Links

Cambridge Wine Merchants - http://www.cambridgewine.com/

Mount Brown - http://www.mountbrown.co.nz/

Lindauer (website) - http://www.lindauer.co.nz/

Lindauer (rosé tasting note) - http://www.pernod-ricard-pacific.com/TransferData/tastingNotes/pages/ICP-Communication/Communication_PRNZ/Tasting_Notes_PRNZ/Lindauer_Rose_NV.pdf

Monday, 26 July 2010

Warburn Estate Premium Reserve Cabernet Sauvignon, Barossa 2008 - Laithwaites

The New World generally, and Australia in particular, doesn't traditionally do terroir - wines there are considered to be expressions of their varietal characteristics, rather than of the soil types, aspect and climatic conditions where the grapes are grown. This is certainly true at the lower end of the price spectrum where most wines are labelled simply "South Eastern Australia" and can come from pretty much anywhere in the country.

Further up the quality scale, there are distinct areas of Australia which are better for grape growing than others - and Barossa is just about the best of these. So when you see the words Estate (with its connotations of specific, and therefore superior, growing areas), Barossa and Premium Reserve, you are expecting something a little more sophisticated. Throw in some oak-aging and it should be quite special.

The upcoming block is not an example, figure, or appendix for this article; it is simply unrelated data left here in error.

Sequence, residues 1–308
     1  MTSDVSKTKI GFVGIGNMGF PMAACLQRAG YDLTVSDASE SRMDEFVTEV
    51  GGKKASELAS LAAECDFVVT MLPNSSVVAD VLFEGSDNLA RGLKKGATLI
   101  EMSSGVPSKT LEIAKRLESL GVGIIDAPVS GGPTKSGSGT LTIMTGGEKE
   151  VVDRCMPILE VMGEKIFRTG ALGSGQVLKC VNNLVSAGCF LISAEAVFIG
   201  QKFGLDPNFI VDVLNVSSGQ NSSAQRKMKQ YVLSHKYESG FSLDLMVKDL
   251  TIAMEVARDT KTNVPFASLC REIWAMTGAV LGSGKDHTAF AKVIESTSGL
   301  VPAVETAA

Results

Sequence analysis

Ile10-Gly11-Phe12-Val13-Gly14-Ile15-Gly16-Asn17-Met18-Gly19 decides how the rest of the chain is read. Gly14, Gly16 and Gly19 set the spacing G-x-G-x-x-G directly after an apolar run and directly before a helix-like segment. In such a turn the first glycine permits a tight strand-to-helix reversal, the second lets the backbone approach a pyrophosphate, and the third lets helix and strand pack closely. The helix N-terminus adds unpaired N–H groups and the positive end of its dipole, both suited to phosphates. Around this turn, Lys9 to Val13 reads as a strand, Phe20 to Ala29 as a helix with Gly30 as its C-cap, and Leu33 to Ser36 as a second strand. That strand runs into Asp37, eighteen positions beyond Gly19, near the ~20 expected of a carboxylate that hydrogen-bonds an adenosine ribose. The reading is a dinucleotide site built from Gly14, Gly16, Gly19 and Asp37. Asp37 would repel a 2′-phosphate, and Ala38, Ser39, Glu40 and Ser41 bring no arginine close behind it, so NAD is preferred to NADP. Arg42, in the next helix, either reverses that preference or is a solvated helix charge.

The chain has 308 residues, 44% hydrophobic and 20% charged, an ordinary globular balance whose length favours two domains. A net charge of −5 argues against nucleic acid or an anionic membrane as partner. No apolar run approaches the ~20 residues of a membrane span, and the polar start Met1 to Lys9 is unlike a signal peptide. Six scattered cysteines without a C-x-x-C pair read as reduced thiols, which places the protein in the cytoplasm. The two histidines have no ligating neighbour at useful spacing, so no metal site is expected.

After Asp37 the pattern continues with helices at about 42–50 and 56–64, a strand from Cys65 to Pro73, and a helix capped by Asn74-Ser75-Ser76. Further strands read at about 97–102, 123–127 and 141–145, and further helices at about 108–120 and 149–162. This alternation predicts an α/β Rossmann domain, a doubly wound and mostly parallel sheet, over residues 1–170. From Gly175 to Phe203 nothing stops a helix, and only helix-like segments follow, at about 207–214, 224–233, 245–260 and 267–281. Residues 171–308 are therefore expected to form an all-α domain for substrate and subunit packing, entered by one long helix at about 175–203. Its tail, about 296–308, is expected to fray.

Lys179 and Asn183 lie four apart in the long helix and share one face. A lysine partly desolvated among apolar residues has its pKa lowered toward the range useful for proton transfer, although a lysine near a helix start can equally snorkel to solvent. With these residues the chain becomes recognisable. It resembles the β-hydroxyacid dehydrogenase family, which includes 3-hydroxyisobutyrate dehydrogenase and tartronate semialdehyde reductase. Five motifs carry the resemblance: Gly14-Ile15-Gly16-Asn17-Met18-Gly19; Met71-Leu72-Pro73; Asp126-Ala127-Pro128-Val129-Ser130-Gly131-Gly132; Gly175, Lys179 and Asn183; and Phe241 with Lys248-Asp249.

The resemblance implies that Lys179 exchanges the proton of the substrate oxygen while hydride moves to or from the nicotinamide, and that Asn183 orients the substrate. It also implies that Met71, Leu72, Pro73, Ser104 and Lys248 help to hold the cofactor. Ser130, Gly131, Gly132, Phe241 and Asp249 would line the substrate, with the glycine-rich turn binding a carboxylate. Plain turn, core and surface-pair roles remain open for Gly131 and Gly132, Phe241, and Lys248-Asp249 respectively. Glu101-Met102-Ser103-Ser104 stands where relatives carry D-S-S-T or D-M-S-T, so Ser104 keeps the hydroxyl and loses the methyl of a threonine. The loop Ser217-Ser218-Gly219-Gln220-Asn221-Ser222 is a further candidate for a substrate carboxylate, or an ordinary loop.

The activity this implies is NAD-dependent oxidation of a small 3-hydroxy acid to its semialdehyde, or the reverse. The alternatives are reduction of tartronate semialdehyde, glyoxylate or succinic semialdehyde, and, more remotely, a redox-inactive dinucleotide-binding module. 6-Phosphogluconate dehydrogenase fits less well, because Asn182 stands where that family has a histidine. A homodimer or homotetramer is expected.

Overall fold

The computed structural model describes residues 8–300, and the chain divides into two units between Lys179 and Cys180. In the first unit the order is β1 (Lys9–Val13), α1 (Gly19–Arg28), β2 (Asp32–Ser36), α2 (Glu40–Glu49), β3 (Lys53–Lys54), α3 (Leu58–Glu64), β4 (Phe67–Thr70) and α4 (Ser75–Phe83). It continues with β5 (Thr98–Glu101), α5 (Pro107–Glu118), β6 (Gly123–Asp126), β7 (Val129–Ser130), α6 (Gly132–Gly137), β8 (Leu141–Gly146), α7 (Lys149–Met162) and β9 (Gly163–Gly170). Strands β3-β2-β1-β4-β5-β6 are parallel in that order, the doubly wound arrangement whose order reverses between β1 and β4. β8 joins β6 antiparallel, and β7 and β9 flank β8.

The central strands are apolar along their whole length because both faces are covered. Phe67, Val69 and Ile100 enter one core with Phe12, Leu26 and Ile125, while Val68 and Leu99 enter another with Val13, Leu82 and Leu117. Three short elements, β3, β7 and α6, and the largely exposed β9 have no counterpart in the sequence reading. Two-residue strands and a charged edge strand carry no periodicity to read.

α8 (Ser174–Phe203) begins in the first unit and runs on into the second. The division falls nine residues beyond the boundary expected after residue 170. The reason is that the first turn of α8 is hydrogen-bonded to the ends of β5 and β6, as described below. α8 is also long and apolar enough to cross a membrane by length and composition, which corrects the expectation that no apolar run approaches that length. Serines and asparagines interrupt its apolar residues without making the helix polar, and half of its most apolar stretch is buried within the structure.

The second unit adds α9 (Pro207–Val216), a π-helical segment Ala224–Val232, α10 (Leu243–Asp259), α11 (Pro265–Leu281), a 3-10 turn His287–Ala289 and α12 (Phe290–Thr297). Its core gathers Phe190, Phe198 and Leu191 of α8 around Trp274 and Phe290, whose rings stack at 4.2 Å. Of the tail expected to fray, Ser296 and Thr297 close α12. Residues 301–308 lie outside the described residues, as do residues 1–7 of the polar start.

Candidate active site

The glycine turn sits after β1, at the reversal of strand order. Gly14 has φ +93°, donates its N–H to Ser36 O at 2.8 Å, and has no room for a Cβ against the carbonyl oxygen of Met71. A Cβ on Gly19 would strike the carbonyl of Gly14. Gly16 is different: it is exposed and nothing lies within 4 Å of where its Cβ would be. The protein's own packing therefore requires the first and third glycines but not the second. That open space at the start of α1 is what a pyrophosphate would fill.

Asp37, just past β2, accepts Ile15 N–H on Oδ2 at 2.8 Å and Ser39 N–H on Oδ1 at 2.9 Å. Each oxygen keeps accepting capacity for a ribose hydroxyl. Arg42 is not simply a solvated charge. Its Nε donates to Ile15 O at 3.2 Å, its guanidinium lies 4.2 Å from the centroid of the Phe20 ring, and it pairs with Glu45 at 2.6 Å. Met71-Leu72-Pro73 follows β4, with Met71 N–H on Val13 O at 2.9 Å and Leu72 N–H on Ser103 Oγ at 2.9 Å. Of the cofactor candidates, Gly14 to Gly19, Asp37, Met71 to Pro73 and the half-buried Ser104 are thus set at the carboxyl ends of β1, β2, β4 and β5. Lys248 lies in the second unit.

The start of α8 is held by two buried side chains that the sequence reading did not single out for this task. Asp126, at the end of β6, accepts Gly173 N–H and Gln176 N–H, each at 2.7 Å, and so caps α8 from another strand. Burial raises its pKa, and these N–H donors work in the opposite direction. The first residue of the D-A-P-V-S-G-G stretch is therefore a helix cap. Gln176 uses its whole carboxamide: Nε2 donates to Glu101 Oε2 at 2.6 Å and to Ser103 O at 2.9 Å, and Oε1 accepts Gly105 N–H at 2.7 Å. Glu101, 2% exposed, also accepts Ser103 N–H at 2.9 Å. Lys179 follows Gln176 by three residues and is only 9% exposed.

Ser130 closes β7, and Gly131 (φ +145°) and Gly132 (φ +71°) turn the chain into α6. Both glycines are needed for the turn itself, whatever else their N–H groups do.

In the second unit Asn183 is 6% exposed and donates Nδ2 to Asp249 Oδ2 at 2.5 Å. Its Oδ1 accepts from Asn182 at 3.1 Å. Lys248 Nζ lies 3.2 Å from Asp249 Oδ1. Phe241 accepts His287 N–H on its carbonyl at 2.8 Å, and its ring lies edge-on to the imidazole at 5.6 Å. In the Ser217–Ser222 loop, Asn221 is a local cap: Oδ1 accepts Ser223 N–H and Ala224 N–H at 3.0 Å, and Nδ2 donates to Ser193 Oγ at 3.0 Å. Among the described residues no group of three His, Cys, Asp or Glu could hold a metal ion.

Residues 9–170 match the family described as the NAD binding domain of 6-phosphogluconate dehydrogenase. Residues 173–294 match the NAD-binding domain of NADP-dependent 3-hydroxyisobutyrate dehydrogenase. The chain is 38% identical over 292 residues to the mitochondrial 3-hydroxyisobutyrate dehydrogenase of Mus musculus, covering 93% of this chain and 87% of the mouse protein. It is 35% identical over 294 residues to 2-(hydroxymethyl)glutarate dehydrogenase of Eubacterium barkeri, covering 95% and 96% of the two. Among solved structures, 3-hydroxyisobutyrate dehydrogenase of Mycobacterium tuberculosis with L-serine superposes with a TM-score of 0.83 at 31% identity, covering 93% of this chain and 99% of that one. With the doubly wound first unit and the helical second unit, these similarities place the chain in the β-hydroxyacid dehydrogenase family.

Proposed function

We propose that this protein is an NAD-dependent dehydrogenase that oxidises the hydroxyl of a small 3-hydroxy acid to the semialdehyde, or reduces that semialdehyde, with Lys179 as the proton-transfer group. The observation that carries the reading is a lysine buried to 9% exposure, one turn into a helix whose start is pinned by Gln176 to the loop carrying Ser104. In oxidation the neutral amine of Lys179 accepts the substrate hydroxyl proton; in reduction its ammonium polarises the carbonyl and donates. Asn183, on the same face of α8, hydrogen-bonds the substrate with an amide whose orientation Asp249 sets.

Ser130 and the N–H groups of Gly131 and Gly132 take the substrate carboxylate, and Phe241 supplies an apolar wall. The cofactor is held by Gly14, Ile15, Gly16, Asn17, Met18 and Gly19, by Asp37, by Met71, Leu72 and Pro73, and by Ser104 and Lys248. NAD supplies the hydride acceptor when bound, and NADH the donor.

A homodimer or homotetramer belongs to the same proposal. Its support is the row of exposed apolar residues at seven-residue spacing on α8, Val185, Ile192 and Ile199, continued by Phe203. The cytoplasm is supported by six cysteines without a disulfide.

This wine from Warburn Estate has a rich nose of cassis, vanilla and eucalyptus, the palate is full, rich and complex, well-rounded from aging in oak with lots of juicy, slightly jammy, blackcurrant up-front, but with more eucalyptus and spice, well-balanced with smooth tannins and good, long finish.

This wine is rather like a super-model who happens to be a member of Mensa - lots of up-front appeal, but actually rather sophisticated behind it. Certainly an enjoyable bottle, but for me, I would rather lose some of the alcohol level and gain a bit more subtlety. Pairing with food is a little tricky, however - the texture and complexity make this a food wine, but the jamminess risks overpowering most obvious matches, like plain roasted red meat - maybe a slow-roasted joint with a fruit sauce would do the trick, such as shoulder of lamb with redcurrant jelly.

£7.99 per bottle (plus delivery), available from Laithwaites.

Links

Warburn Estate - http://www.warburnestate.com.au/

Laithwaites - http://www.laithwaites.co.uk/

Friday, 16 July 2010

Babich Family Reserve Pinot Noir, 2007 - from Laithwaites